C or Java for Seismology Equipment: What's Best

In summary, the conversation revolves around whether it would be better for the person to spend time learning C or converting the software to Java. The group agrees that learning C would be the most efficient option, as the syntax is similar to Java and picking up a second language is easier than learning the first. However, the person expresses concerns about the difficulty of C and the potential for errors. Suggestions are made for using a translator or finding a Java driver for the equipment. The conversation ends with resources for learning C being shared. Overall, it is recommended for the person to learn C in order to effectively control the equipment.
  • #1
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I may be taking control of the running of some seismology equipment, which is run via C code. I know very very little about C code. Would it be better for me to spend the time to thoughroughly learn C, or could it be possible for me to convert the software to Java. I have a pretty god understanding of Java. If I knew the concepts behind the C code I may be able to formulate an dea of how to do the same thing with java.
Let me know what you think
 
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  • #2
If you know Java thoroughly, picking up C should be a piece of cake. I personally wouldn't convert anything -- just learn C.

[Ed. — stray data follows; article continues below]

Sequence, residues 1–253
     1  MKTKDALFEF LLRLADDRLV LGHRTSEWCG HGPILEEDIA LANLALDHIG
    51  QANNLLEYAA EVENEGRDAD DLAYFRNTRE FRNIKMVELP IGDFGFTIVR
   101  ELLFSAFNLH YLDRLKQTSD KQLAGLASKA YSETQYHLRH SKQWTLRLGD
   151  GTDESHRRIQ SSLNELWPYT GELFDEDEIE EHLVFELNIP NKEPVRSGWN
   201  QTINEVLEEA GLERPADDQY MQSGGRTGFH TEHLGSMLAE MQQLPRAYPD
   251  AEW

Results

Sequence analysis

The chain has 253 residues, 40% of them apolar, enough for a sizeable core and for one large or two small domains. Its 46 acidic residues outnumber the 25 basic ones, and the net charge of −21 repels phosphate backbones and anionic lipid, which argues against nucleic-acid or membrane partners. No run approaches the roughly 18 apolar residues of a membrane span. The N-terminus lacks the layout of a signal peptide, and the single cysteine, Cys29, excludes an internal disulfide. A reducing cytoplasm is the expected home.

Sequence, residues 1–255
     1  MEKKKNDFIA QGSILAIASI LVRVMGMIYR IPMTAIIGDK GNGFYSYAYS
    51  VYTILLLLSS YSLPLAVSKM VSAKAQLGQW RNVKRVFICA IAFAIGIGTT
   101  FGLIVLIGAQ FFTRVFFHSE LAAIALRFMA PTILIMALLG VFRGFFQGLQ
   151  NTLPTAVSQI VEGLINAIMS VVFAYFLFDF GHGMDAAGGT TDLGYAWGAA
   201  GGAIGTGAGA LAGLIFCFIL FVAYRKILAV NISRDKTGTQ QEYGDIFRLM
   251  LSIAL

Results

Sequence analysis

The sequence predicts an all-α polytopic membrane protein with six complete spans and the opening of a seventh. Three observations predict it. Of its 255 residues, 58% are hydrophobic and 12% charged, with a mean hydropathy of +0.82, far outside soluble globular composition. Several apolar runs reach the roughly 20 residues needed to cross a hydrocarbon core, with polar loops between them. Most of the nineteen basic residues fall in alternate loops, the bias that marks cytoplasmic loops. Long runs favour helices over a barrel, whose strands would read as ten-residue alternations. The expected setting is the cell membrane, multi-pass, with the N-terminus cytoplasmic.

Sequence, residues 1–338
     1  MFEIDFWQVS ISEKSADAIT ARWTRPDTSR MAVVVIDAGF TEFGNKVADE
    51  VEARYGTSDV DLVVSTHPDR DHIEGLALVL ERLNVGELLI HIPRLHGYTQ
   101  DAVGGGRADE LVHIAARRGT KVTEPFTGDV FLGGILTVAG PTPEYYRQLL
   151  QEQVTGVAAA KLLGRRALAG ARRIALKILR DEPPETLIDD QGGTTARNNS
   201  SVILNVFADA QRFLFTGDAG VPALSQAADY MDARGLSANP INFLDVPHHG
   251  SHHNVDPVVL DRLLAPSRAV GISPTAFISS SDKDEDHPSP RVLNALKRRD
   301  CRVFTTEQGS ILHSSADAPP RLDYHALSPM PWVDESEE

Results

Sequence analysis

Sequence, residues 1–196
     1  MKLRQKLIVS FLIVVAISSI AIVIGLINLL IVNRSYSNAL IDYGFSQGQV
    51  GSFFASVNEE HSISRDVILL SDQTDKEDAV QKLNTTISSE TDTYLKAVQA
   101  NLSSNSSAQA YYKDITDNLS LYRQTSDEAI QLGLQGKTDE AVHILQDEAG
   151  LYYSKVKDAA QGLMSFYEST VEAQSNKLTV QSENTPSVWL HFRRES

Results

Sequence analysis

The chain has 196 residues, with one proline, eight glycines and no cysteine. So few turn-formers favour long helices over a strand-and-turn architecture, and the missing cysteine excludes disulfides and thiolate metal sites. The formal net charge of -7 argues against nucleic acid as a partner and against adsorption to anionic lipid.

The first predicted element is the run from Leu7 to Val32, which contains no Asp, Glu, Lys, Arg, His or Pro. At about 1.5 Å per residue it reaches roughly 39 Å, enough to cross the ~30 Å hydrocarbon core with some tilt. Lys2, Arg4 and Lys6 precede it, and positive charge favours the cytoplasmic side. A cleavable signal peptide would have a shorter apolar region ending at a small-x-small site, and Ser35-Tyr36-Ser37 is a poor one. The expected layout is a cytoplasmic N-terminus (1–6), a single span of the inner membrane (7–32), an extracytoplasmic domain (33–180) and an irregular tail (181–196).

- Warren
 
  • #3
Thank you for the suggestion, I sort of knew the answer was going to be just learn C, but I am very busy and it will take me a long time to learn C right now, i was hoping just somehow there'd be an easier way, But it looks like I'll just have to brush up on C, which I am assuming is going to be quite different than any programming I am used to.
 
  • #4
The syntax of C is virtually identical to the syntax of Java, with the exception that C does not have classes or exceptions. Java syntax was actually chosen specifically because it would be familiar to C programmers. Don't worry, it probably won't be nearly as difficult as you might imagine. Picking up a second programming language is much, much easier than learning the first.

- Warren
 
  • #5
Until he finds pointers...
 
  • #6
Almost everything in java is a pointer. :tongue: